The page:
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MySQL 8.0 Reference Manual  /  ...  /  Fine-tuning InnoDB Buffer Pool Flushing Fine-tuning InnoDB Buffer Pool Flushing

The configuration options innodb_flush_neighbors and innodb_lru_scan_depth let you fine-tune aspects of the flushing process for the InnoDB buffer pool.

  • innodb_flush_neighbors

    Specifies whether flushing a page from the buffer pool also flushes other dirty pages in the same extent. When the table data is stored on a traditional HDD storage device, flushing neighbor pages in one operation reduces I/O overhead (primarily for disk seek operations) compared to flushing individual pages at different times. For table data stored on SSD, seek time is not a significant factor and you can disable this setting to spread out write operations.

  • innodb_lru_scan_depth

    Specifies, per buffer pool instance, how far down the buffer pool LRU list the page cleaner thread scans looking for dirty pages to flush. This is a background operation performed once per second.

These options primarily help write-intensive workloads. With heavy DML activity, flushing can fall behind if it is not aggressive enough, resulting in excessive memory use in the buffer pool; or, disk writes due to flushing can saturate your I/O capacity if that mechanism is too aggressive. The ideal settings depend on your workload, data access patterns, and storage configuration (for example, whether data is stored on HDD or SSD devices).

For systems with constant heavy workloads, or workloads that fluctuate widely, several configuration options let you fine-tune the flushing behavior for InnoDB tables:

These options feed into the formula used by the innodb_adaptive_flushing option.

The innodb_adaptive_flushing, innodb_io_capacity and innodb_max_dirty_pages_pct options are limited or extended by the following options:

The InnoDB adaptive flushing mechanism is not appropriate in all cases. It gives the most benefit when the redo log is in danger of filling up. The innodb_adaptive_flushing_lwm option specifies a low water mark percentage of redo log capacity; when that threshold is crossed, InnoDB turns on adaptive flushing even if not specified by the innodb_adaptive_flushing option.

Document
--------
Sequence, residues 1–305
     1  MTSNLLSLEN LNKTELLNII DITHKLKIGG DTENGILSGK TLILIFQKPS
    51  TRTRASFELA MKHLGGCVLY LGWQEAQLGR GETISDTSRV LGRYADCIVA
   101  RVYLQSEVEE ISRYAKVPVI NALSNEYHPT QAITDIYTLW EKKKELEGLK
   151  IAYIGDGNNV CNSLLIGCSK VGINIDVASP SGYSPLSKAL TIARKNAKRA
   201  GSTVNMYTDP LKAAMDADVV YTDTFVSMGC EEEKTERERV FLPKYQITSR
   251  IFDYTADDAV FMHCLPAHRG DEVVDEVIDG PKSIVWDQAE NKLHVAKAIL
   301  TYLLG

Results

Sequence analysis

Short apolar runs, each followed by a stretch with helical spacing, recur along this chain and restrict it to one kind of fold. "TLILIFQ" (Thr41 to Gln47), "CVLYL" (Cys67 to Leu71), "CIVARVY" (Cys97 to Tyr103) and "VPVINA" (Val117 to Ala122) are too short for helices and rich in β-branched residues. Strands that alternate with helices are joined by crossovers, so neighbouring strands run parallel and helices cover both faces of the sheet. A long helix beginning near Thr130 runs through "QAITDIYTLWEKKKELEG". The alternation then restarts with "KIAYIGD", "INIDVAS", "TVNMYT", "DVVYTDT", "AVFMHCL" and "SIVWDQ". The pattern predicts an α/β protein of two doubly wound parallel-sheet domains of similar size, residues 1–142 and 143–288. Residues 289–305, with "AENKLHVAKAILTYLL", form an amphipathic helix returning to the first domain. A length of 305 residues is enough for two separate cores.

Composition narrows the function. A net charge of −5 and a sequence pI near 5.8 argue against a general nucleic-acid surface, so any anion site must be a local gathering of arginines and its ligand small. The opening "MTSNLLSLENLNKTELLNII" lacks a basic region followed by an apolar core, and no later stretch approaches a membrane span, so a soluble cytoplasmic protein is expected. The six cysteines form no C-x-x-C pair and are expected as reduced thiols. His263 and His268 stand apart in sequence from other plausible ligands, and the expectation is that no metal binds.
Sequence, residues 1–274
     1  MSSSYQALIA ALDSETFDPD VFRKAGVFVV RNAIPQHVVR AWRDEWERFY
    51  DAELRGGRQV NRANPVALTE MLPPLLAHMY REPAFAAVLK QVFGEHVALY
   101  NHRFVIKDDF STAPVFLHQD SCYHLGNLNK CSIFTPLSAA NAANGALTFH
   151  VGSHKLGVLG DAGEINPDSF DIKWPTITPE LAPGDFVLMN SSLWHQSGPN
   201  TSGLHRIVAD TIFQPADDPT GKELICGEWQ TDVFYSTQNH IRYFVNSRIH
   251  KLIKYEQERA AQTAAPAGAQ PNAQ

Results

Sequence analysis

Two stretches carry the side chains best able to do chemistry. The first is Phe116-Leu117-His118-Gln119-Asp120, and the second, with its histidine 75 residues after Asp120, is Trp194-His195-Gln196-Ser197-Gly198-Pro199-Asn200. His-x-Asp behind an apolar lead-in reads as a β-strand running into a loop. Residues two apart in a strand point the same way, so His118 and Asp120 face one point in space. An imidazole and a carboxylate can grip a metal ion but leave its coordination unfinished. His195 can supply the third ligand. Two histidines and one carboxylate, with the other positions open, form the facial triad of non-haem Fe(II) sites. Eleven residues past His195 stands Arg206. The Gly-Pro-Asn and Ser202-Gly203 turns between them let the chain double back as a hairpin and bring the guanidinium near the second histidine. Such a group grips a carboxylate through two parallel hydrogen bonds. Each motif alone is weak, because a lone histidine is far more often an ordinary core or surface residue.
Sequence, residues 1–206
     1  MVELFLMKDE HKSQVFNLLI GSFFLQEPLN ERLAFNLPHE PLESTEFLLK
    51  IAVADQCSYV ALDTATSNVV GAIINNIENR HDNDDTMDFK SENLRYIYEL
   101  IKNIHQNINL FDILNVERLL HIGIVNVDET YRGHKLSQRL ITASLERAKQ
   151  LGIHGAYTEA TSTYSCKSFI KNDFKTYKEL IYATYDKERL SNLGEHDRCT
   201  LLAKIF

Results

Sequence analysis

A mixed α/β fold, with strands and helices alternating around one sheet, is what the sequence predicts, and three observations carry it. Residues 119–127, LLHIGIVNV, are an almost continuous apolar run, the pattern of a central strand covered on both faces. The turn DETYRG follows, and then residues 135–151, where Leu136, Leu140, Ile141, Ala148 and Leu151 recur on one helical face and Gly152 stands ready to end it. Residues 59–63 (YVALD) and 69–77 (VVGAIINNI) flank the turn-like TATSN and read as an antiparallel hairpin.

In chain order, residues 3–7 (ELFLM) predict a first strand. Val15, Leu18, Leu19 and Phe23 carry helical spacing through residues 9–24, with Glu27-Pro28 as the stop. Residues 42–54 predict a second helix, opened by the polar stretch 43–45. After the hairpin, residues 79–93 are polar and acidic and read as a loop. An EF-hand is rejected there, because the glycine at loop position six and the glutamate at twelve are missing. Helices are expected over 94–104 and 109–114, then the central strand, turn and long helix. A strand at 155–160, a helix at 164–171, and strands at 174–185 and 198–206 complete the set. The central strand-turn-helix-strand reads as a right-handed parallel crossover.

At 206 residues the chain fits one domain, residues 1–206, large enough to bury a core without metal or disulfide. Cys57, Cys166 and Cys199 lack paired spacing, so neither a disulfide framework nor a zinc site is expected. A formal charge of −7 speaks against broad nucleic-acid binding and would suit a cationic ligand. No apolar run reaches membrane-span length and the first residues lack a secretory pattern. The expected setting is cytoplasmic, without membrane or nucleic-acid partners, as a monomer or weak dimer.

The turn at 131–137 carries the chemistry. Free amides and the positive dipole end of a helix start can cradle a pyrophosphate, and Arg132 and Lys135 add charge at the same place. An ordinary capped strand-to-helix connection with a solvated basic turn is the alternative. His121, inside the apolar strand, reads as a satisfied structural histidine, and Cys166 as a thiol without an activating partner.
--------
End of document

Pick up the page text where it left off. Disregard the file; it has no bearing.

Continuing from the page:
If flushing activity falls far behind, InnoDB can flush more aggressively than specified by innodb_io_capacity. innodb_io_capacity_max represents an upper limit on the I/O capacity used in such emergency situations, so that the spike in I/O does not consume all the capacity of the server.

InnoDB tries to flush data from the buffer pool so that the percentage of dirty pages does not exceed the value of innodb_max_dirty_pages_pct. The default value for innodb_max_dirty_pages_pct is 75.


The innodb_max_dirty_pages_pct setting establishes a target for flushing activity. It does not affect the rate of flushing. For information about managing the rate of flushing, see Section, “Configuring InnoDB Buffer Pool Flushing”.

The innodb_max_dirty_pages_pct_lwm option specifies a low water mark value that represents the percentage of dirty pages where pre-flushing is enabled to control the dirty page ratio and ideally prevent the percentage of dirty pages from reaching innodb_max_dirty_pages_pct. A value of innodb_max_dirty_pages_pct_lwm=0 disables the pre-flushing behavior.

Most of the options referenced above are most applicable to servers that run write-heavy workloads for long periods of time and have little reduced load time to catch up with changes waiting to be written to disk.

innodb_flushing_avg_loops defines the number of iterations for which InnoDB keeps the previously calculated snapshot of the flushing state, which controls how quickly adaptive flushing responds to foreground load changes. Setting a high value for innodb_flushing_avg_loops means that InnoDB keeps the previously calculated snapshot longer, so adaptive flushing responds more slowly. A high value also reduces positive feedback between foreground and background work, but when setting a high value it is important to ensure that InnoDB redo log utilization does not reach 75% (the hardcoded limit at which async flushing starts) and that the innodb_max_dirty_pages_pct setting keeps the number of dirty pages to a level that is appropriate for the workload.

Systems with consistent workloads, a large innodb_log_file_size, and small spikes that do not reach 75% redo log space utilization should use a high innodb_flushing_avg_loops value to keep flushing as smooth as possible. For systems with extreme load spikes or log files that do not provide a lot of space, consider a smaller innodb_flushing_avg_loops value. A smaller value allows flushing to closely track the load and helps avoid reaching 75% redo log space utilization.